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ASN Wikibase Occurrence # 43692
Last updated: 10 February 2021
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Date:01-SEP-2007
Time:10:33
Type:Silhouette image of generic BE36 model; specific model in this crash may look slightly different
Beechcraft A36 Bonanza
Owner/operator:Private
Registration: N326DK
C/n / msn: E-2377
Fatalities:Fatalities: 5 / Occupants: 5
Aircraft damage: Written off (damaged beyond repair)
Category:Accident
Location:Elizabethton, TN -   United States of America
Phase: Manoeuvring (airshow, firefighting, ag.ops.)
Nature:Private
Departure airport:Elizabethton, TN (0A9)
Destination airport:Abingdon, VA (VJ1)
Investigating agency: NTSB
Narrative:
The Beech A36 airplane was approximately 0.95 inch aft of the aft center of gravity (CG) limit at the start of the flight, which was destined for an airport approximately 20 nautical miles north-northeast of the departure airport. Mountainous terrain at an elevation of 4,321 feet mean sea level (msl) was noted between the departure and destination airports. The flight departed from runway 06, and by witness accounts the airplane became airborne 2/3 down the 4,529 foot-long runway, and was noted to be only 75 to 100 feet above ground level (agl) at a point approximately 1,500 feet past the departure end of the runway. Witnesses also reported the airplane was flying slow in a steep climb attitude with the landing gear retracted, and there was no unusual engine sounds heard. The flight continued on a northeasterly heading, where another witness located in mountainous terrain about 1 mile southwest of the crash site location noted the airplane flying only 2-3 times the height of the tree tops, or an estimated 200 to 250 feet agl. That witness reported the engine sounded like it was a larger engine, and he did not hear any missing or sputtering from it. The airplane impacted up sloping terrain during daylight hours at an elevation of 3,400 feet msl, approximately 5.38 miles northeast from the departure end of runway 06. There were no known witnesses to the crash. Impact and a postcrash fire destroyed the airplane. Examination of the airframe and flight controls revealed no evidence of preimpact failure or malfunction. Examination of the engine, engine systems, and propeller also revealed no evidence of preimpact failure or malfunction.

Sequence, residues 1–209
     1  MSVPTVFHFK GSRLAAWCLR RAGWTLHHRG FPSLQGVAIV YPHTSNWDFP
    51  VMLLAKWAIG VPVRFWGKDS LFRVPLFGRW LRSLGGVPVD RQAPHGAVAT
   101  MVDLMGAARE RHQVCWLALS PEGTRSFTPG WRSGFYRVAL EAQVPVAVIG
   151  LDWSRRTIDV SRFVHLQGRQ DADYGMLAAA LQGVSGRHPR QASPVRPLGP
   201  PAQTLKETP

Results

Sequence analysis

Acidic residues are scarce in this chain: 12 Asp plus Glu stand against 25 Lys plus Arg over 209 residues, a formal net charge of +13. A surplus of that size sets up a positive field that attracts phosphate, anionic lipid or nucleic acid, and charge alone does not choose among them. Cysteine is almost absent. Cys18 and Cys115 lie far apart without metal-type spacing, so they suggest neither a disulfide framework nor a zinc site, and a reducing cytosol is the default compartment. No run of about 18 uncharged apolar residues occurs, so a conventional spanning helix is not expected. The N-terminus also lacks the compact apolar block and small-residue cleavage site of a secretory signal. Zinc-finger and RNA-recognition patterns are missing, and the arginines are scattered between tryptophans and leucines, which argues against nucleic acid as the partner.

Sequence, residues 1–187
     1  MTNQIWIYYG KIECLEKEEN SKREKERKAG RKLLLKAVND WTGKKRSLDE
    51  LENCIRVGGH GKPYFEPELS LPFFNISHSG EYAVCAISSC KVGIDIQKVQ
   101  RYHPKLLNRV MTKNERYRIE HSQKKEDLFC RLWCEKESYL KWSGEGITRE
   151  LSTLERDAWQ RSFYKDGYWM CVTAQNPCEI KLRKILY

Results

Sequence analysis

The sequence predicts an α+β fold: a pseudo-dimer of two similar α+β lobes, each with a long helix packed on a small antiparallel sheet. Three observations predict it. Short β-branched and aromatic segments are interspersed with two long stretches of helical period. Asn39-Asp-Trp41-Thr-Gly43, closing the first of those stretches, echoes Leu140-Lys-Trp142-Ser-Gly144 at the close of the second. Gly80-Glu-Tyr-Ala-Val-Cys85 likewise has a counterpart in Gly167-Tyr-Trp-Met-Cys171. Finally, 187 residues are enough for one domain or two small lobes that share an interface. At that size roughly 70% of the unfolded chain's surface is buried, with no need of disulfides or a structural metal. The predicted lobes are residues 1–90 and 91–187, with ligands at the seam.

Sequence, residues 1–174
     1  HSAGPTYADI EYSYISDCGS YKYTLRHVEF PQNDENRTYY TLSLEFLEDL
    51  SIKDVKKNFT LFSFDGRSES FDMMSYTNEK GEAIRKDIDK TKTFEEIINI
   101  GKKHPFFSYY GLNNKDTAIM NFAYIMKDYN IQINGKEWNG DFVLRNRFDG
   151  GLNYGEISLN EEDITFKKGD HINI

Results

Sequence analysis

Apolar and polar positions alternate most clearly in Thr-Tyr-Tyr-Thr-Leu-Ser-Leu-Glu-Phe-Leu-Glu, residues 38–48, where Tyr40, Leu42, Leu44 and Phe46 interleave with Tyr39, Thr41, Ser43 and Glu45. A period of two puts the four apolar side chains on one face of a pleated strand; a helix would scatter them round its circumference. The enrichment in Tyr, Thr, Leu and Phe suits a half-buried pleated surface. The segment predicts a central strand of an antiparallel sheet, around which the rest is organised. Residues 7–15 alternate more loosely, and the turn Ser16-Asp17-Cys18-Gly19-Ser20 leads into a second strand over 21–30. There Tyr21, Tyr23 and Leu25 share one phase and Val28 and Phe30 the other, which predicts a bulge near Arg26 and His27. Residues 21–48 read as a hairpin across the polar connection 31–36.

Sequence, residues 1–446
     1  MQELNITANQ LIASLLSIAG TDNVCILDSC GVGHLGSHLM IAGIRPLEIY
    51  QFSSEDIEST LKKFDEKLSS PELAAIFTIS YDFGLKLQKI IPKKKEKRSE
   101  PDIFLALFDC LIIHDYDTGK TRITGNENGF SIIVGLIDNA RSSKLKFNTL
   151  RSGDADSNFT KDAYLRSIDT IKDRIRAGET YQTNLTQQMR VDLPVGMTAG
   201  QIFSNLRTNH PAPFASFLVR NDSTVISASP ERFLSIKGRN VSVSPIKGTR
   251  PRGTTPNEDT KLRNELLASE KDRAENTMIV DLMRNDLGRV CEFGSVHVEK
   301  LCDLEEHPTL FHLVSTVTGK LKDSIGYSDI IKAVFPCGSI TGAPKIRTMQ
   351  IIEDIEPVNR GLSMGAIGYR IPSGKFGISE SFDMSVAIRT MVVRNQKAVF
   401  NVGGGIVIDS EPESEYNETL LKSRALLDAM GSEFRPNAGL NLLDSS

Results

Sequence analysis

Probable Cause: The poor in-flight planning by the pilot-in-command for flying towards rising terrain with inadequate clearance.

Sources:

NTSB: https://www.ntsb.gov/_layouts/ntsb.aviation/brief.aspx?ev_id=20070907X01326&key=1


Revision history:

Date/timeContributorUpdates
28-Oct-2008 00:45 ASN archive Added
21-Dec-2016 19:24 ASN Update Bot Updated [Time, Damage, Category, Investigating agency]
04-Dec-2017 18:54 ASN Update Bot Updated [Cn, Operator, Other fatalities, Destination airport, Source, Narrative]

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